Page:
Thursday, June 14, 2012

Money, Campaign Finance, and Newt Gingrich

Newt Gingrich wants to help candidates by getting rid of the campaign finance law that only allows one person only to give $2,500 directly to a candidate.  With the Citizens United ruling, the invention of super-PACs and the general rise of PACs since the 1970s era Campaign Finance Reform that initially sparked the creation of PACs, we'll continue to see interest groups get more involved in elections both financially and ideologically.  The truth is that people are always going to find loopholes in campaign financing.  Right now, a wealthy donor could give $2,500 directly to a candidate and then state the next $2,500 is from his/her significant other, etc. Or a wealthy donor if he/she so desires could file with the IRS and the FEC to produce their own PAC, Super PAC, 527, or 501c(4) and could potentially give more money to a candidate.  Additionally, there are less restrictions on soft money given to political parties (this is nearly becoming obsolete, stay tuned) and the political party could just give the money to the chosen candidate.  With the Citizens United ruling, companies can move money directly from the financial reserves of a company to a candidate without consulting with individuals.  This ruling is based on the idea that giving money to political candidates is a form of free speech.  This very ruling could have another try on the Supreme Court (possible, I'm not sure how likely).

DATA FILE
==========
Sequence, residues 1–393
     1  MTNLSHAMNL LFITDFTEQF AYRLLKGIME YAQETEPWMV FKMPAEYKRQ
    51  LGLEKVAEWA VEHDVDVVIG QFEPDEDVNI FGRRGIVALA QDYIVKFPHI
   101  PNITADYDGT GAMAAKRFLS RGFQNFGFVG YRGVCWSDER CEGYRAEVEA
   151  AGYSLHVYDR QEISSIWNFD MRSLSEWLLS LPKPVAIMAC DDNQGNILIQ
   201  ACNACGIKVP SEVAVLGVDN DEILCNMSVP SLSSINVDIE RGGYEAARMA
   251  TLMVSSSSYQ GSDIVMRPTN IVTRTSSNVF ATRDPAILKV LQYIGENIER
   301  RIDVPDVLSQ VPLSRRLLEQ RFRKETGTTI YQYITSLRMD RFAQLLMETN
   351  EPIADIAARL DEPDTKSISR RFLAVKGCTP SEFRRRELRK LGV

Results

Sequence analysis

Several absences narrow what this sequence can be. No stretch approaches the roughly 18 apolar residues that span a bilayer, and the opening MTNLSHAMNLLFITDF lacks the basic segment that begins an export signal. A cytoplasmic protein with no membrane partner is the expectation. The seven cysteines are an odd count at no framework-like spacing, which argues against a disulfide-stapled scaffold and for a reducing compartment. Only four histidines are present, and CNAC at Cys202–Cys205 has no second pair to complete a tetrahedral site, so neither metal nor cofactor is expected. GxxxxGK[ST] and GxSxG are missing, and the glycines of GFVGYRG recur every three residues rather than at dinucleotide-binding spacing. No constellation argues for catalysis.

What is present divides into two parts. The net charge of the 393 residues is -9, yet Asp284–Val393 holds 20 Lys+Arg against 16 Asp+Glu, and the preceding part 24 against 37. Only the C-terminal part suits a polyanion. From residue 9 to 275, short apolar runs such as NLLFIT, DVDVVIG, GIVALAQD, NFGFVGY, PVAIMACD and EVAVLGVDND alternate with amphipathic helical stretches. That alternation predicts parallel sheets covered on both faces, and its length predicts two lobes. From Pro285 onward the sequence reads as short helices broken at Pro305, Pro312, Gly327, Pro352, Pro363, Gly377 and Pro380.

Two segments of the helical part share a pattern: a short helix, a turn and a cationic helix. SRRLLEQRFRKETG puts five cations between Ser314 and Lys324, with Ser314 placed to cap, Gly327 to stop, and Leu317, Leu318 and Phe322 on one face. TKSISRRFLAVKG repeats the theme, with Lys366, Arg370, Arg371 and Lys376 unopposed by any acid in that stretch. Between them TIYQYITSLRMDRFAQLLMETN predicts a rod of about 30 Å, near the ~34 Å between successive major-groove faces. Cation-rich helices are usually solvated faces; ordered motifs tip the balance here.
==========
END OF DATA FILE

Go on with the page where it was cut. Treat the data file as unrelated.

Back to Newt Gingrich.  Newt Gingrich thinks that the $2,500 limit is hurting candidates who are not as wealthy as their opponents.  He cites Mayor Michael Bloomberg as an example.  Stating that Mayor Bloomberg was able to spend millions of his own money financing his campaign and that a poorer candidate could not hope to compete.  I tend not to agree with Newt Gingrich but I do a little bit in this case.  I agree that candidates that are rich have an advantage over a poorer candidate.  But eliminating the $2,500 limit of direct contributions is not going to help that.  The super rich could still buy a candidate by contributing directly to a candidate instead of using a Super PAC to be the middleman.  For example, Bill Gates could give $1 billion to whatever candidate he prefers in a given election cycle, in Newt Gingrich's proposal, as long as he reports that he's giving it.  Is that fair to the other 300 million plus Americans?  Probably not.  What we need is accountability for the contributors and politicians; the best way to do that is stricter limits on campaign contributions and regulation in general.  We need to be able place limits and enforce those limits on how much an individual, a PAC, a Super PAC, an interest group in general can give and how much a candidate can take.  If we want to make it a level playing field for all candidates, we can either place stricter limits on contributions for interest groups and individuals or we can have government sponsored campaigns.  We've passed bipartisan campaign reform acts in the past.  We need to do it again.  Accountability, limits, and regulations can make an impact and help more candidates than removing the limit from an individual directly contributing to a candidate.

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